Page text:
The 2022 Toyota GR 86 is one of the best first sports cars you can buy. However, it’s also a platform that even experienced drivers can learn from like the Toyota 86 before it. Unlike some of Toyota’s models, there’s only two trim choices available as of right now. Each has some benefits and drawbacks, much like the small sports car itself.
Now, it’s time to take a look at which of the two trim levels are the best value in this new cheap sports car.
A base model GR 86 isn’t necessarily a bad thing
Let’s start at the literal base of the 2022 Toyota GR 86 totem pole. First, price. Unfortunately, Toyota hasn’t officially come out with pricing yet, but Car and Driver expects things to kick off right around $29,000 for the base trim. To be clear, the base trim isn’t very base. The biggest difference between the two is the wheel and tire package.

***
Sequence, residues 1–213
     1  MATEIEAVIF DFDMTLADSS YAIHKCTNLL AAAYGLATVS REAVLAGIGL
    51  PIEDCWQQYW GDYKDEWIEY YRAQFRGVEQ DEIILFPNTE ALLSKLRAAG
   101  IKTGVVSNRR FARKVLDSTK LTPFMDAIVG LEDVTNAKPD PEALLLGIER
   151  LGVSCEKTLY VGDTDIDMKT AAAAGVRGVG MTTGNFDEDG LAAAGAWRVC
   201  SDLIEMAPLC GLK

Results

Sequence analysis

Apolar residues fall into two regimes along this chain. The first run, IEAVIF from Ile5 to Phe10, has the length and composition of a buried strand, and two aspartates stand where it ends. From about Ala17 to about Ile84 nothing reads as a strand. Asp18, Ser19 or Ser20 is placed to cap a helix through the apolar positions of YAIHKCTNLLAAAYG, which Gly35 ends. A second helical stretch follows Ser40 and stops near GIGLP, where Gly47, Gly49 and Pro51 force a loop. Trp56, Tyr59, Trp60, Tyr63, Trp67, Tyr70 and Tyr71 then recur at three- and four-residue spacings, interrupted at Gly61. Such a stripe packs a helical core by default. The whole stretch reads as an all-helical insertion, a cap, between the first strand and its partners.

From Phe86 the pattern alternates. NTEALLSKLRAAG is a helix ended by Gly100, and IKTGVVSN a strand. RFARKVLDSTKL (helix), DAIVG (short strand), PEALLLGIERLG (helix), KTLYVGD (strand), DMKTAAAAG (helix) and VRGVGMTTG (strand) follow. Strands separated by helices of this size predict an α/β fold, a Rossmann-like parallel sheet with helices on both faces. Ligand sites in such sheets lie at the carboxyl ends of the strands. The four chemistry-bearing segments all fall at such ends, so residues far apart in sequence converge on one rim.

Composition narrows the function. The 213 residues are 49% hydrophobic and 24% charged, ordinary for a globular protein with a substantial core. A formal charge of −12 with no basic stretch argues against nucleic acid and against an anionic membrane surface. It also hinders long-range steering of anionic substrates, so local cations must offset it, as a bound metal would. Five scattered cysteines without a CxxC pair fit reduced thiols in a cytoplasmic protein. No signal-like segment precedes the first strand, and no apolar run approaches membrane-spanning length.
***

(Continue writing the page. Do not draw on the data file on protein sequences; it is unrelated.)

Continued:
The bog-standard GR 86 will come on 17-inch wheels with some notably less sticky all-season tires. The same can be said for the car’s Subaru BRZ twin. Frankly, these are way more fun to slide about on, but some may want that extra grip afforded by the Premium trim. However, it’s a good choice for those planning on buying dedicated summer wheels and tires as you’ve already got your set of winter wheels and tires.
The 2022 Toyota GR 86 Premium commands a premium
The Premium trim is where things get interesting. The base model comes with a cloth interior, and those with the Premium model won’t have to bother with touching that peasant-tier fabric. Instead, the more bourgeois 86 owners are treated to much nicer leather and Alcantara seats.
Of course, there’s also that wheel and tire package we discussed earlier. Wrapped around those aforementioned 18-inch wheels are some excellent Michelin Pilot Sport 4S tires. They’re just about the grippiest tire you can put on anything with four wheels. However, it is possible the Premium GR 86 could edge above $30,000 with options.
Is the Toyota 86 worth it?
That said, the 2022 Toyota GR 86 is a massive improvement over the last generation. The infamous torque hole is all but nonexistent, and the interior is a massive step up even if you do find yourself in a base 86. The base isn’t even a bad thing, it just depends on your goals for yourself and the vehicle. No matter which trim level you choose, you’re ending up in one of the great cheap performance cars, and that cannot possibly be a bad thing.